Monday, September 10, 2012

Writing Sad: Six Steps for Mastering the Heart Strings for Profit

In every novel I write there is always one similar component—grief. I suppose that since the death of my four year old son Daniel, I’ve been acutely aware of grief and loss. You can’t escape sadness; it’s all around us. So, to put reality into my stories, my characters are affected by the death of a loved one.

Sadness surrounds you, too. How can the actuality of pain be incorporated into works of fiction and non-fiction so that your stories are believable, and gain the attention of editors and publishers?

Here are tips to master writing the heart strings for profit.

1) Less is more I think when writing a sad scene, less is more. You don’t want to bleed on the page. An overdose of words like anguish, sorrow, pain or heartache tends to make for weary readers. You want readers to feel sadness, not force them to slam the book against the wall. Find alternative words to describe heartbreak.

2) Allow your readers to come to their conclusions As you narrate the chapters of your novel or the points in your article, you want your audience to feel, and relate without your telling them what they must feel. I’ve found the best ways to do this is to look and listen for those emotions that rise in us when something brings tears to our eyes. Think: subtle.

3) Memories of your own loss If you’ve lost someone close, think of how his memory affects you today. Do you get nostalgic when you see an overcoat like Grandpa wore? One line I want to use in a novel someday was said to me by a young man, a pallbearer at this grandfather’s funeral. “His casket seemed too light for all the wisdom he had inside his head and for all the love in his heart.”

4) Use imagery What words or images come to mind as you are driving, cooking or doing laundry? Which passages of your favorite books stir your emotions? Read them aloud and delve into why they speak to you.

Irish author Frank McCourt creates a particularly poignant account in his memoir Angela’s Ashes. At his baby brother Eugene’s funeral, young Frank describes the scene where the casket carriage driver and Frank’s father place pints of beer on top of the baby’s coffin. Frank’s thoughts include: “I hope he’s not cold in that white coffin in the graveyard though I know he’s not there anymore because angels come to the graveyard and open the coffin and he’s far from the Shannon dampness that kills, up in the sky in heaven with Oliver and Margaret where they have plenty of fish and chips and toffee and no aunts to bother you, where all the fathers bring home the money from the Labor Exchange and you don’t have to be running around to pubs to find them.”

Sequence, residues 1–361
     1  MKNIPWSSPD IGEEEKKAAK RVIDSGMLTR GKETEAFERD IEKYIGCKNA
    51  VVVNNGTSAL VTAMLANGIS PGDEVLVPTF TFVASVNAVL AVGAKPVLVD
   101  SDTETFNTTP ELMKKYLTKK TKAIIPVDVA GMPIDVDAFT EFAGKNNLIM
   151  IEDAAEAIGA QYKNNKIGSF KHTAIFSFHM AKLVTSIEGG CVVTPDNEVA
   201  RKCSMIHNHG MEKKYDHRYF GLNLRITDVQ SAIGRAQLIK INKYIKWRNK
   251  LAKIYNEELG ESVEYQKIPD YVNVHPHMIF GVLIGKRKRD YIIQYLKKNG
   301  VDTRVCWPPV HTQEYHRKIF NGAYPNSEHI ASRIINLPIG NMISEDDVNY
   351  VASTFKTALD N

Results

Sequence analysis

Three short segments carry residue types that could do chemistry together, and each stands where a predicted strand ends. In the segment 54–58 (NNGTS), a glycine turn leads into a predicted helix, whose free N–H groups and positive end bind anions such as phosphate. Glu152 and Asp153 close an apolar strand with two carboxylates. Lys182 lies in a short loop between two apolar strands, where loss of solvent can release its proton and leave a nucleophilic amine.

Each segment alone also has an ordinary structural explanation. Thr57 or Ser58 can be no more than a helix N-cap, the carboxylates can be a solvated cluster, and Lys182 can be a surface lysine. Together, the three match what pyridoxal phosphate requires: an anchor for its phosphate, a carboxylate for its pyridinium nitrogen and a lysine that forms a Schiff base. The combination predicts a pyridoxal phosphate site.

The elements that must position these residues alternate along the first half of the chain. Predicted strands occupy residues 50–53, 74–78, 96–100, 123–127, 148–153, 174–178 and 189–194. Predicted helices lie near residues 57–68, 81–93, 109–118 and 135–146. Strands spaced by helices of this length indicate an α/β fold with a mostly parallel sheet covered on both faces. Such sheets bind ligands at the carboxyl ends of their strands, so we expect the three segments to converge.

5) Listen to the music Is there a song that reminds you of your loved one? When I listen to Elton John’s “Daniel”, my son comes to mind. Not only did he share that name, but the line, “Your eyes have died, you see more than I,” rings true for his life. Before my son’s death, the chemo dimmed his eyes and yet, as he was lying on a sterile bed waiting to die, I believed his eyes, although closed, were experiencing visions of what was to come for him in Heaven. He was certainly seeing much more than I could. Lyrics to music—and poetry—speak volumes in short spaces.

6) Put a little distance As I enter into sorrow (which is never far from me) I also need to detach myself from it. Writing about it from a distance, while also making it real, subtly, choosing words that evoke—words and nuances I might not use every day—makes the piece more effective.

Writing sad adds dosages of truth to our stories and articles, selling them to the public. Done well, it can have our readers partake in a good cry, and, in my opinion, tears, like laughter, are needed for the soul.

This article was first published in Writing for Dollars on June 7, 2011.

~ Alice J. Wisler is the author of Southern fiction—RAIN SONG, HOW SWEET IT IS, HATTERAS GIRL and A WEDDING INVITATION (all by Bethany House). She teaches Writing the Heartache (grief writing courses) both online and at seminars. Learn more at her website: and blogs: and

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